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Metaphors of Internet

Ways of Being in the Age of Ubiquity


Edited By Annette N. Markham and Katrin Tiidenberg

What happens when the internet is absorbed into everyday life? How do we make sense of something that is invisible but still so central? A group of digital culture experts address these questions in Metaphors of Internet: Ways of Being in the Age of Ubiquity.

Twenty years ago, the internet was imagined as standing apart from humans. Metaphorically it was a frontier to explore, a virtual world to experiment in, an ultra-high-speed information superhighway. Many popular metaphors have fallen out of use, while new ones arise all the time. Today we speak of data lakes, clouds and AI. The essays and artwork in this book evoke the mundane, the visceral, and the transformative potential of the internet by exploring the currently dominant metaphors. Together they tell a story of kaleidoscopic diversity of how we experience the internet, offering a richly textured glimpse of how the internet has both disappeared and at the same time, has fundamentally transformed everyday social customs, work, and life, death, politics, and embodiment.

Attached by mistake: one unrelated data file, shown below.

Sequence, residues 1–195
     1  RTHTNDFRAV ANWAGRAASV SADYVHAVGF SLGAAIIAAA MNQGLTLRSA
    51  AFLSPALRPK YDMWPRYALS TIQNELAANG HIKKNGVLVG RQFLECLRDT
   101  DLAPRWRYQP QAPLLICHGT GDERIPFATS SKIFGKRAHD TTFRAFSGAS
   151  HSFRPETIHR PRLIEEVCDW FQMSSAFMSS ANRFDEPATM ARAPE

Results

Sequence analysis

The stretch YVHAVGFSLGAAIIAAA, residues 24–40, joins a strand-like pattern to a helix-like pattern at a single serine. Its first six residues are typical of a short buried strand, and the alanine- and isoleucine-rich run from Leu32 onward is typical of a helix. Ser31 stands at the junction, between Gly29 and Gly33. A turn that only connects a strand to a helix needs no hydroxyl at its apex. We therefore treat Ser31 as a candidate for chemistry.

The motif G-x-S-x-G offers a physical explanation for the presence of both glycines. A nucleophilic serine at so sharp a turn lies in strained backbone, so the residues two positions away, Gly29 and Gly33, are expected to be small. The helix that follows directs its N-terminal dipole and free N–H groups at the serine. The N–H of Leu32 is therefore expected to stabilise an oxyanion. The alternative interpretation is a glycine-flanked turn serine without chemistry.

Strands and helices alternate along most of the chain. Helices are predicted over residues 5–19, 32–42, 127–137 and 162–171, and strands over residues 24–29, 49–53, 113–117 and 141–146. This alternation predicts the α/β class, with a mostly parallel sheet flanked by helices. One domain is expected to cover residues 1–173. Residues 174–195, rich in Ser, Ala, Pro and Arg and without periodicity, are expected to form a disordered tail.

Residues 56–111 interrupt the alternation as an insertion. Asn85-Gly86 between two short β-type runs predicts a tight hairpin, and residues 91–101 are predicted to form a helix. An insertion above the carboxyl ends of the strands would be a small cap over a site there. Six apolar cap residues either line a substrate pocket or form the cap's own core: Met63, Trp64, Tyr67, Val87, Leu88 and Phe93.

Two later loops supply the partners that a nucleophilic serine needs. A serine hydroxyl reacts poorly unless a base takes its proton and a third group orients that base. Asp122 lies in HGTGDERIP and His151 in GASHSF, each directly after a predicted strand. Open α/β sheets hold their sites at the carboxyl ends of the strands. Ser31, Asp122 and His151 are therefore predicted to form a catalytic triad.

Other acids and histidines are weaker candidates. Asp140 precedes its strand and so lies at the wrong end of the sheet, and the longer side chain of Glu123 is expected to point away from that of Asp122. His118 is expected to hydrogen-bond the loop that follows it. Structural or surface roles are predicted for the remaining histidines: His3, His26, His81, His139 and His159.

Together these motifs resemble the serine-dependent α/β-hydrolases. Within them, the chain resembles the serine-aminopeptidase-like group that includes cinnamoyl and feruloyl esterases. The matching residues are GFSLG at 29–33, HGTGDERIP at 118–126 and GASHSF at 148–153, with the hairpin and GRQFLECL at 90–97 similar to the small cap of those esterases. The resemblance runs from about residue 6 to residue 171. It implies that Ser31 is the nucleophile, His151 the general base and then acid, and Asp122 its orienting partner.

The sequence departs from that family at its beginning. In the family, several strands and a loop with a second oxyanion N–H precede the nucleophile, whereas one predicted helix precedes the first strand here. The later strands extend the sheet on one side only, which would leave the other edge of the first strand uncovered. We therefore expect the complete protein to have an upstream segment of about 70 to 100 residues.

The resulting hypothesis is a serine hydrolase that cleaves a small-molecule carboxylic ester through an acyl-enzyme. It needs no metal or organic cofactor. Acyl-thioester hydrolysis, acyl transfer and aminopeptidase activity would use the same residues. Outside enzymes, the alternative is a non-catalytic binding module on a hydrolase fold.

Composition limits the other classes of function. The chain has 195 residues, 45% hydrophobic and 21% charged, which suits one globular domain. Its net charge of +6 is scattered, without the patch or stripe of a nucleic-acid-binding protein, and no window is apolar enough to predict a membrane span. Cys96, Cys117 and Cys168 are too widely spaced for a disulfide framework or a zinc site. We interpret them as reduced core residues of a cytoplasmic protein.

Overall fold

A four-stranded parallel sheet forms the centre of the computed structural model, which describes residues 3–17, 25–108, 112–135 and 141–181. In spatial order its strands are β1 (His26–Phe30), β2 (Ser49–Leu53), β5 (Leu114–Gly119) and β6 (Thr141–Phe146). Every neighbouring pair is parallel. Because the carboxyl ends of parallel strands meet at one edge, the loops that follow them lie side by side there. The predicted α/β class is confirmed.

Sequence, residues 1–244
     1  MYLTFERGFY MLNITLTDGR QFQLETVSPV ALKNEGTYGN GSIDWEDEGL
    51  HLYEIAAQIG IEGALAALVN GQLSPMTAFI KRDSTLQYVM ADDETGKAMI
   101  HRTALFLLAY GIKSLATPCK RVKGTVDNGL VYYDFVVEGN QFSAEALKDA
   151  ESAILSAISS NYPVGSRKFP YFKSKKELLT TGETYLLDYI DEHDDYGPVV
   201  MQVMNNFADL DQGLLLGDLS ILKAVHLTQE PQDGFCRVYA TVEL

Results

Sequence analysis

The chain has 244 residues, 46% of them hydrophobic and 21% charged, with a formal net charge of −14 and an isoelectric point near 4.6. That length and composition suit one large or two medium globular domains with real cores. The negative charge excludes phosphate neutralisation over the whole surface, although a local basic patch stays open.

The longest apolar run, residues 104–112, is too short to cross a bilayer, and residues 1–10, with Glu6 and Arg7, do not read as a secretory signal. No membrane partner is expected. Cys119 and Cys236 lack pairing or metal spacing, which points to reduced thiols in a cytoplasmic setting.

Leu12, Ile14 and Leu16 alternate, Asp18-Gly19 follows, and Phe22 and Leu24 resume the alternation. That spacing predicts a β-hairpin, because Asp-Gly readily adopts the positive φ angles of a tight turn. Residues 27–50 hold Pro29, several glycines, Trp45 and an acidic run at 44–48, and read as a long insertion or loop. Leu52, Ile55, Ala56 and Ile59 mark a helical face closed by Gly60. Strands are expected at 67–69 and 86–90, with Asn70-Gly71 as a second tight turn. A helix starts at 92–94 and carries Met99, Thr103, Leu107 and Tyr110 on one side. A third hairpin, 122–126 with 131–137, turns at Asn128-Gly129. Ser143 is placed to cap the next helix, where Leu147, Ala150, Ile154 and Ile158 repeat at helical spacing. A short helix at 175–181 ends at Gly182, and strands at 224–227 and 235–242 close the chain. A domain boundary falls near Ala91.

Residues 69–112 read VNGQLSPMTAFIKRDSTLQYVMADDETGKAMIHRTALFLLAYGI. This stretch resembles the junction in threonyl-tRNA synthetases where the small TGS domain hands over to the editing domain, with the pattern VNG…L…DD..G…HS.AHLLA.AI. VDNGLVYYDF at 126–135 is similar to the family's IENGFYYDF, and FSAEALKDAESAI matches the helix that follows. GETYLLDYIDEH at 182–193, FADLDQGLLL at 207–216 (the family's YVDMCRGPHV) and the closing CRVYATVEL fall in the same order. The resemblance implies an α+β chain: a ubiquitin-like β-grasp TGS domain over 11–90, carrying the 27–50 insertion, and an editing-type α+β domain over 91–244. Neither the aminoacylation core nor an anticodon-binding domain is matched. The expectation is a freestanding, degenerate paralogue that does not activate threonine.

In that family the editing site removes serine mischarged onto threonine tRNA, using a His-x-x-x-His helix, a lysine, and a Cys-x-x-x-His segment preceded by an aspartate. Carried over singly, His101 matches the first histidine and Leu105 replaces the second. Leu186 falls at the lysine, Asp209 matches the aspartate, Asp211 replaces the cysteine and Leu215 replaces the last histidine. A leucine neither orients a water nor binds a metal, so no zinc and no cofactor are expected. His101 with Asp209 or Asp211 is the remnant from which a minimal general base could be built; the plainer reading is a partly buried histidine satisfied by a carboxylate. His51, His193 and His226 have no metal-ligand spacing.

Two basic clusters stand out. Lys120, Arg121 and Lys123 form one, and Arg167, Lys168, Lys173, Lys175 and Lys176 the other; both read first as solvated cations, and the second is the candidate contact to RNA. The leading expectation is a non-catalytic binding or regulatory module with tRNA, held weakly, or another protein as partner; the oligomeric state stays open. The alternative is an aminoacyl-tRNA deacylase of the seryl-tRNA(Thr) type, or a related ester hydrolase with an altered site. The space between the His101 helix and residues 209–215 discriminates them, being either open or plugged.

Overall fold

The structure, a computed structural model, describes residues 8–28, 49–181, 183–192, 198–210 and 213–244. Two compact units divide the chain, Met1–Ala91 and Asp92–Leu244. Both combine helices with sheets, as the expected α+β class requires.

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Chapter Twenty-Eight: Remixed into Existence: Life Online as The Internet Comes of Age (Ryan M. Milner)



Remixed into Existence: Life Online as the Internet Comes of Age

ryan m. milner

coming of age on the madcap mash up internet

I began my life online in the early aughts, at a time when the robust, playful, and personal dimensions of online interaction Annette Markham charted in 1998 were already growing more prevalent and prominent. More people, more platforms, and more modes of communication were corroborating Markham’s arguments about the social and cultural “themes of life in cyberspace.” Access was opening a little wider with increased broadband connection. “Web 2.0” interfaces allowed users to create, circulate, and transform content a little easier. Conversations became more multimodal; images, videos, and GIFs came to share prominence with the word play, ascii art, and emoticons long woven through chatrooms, MUDs, and forums. With new participants, new sites, and new tools came new ways of being stitched together by shared social practices.

For my part during this proliferation, I was one of the legion of pop-culture obsessed geeky gamer kids who set the barbed, absurdist, ironic tone on sites like Something Awful, 4chan, and eventually Reddit, a constellation of then backwaters that we, their inhabitants, reckoned an empire. Or at least that’s how I assumed we reckoned them, and at least that’s who I assumed we were. After all, I had no way of really knowing the identities and motivations of the people I was talking with. And yet, I...

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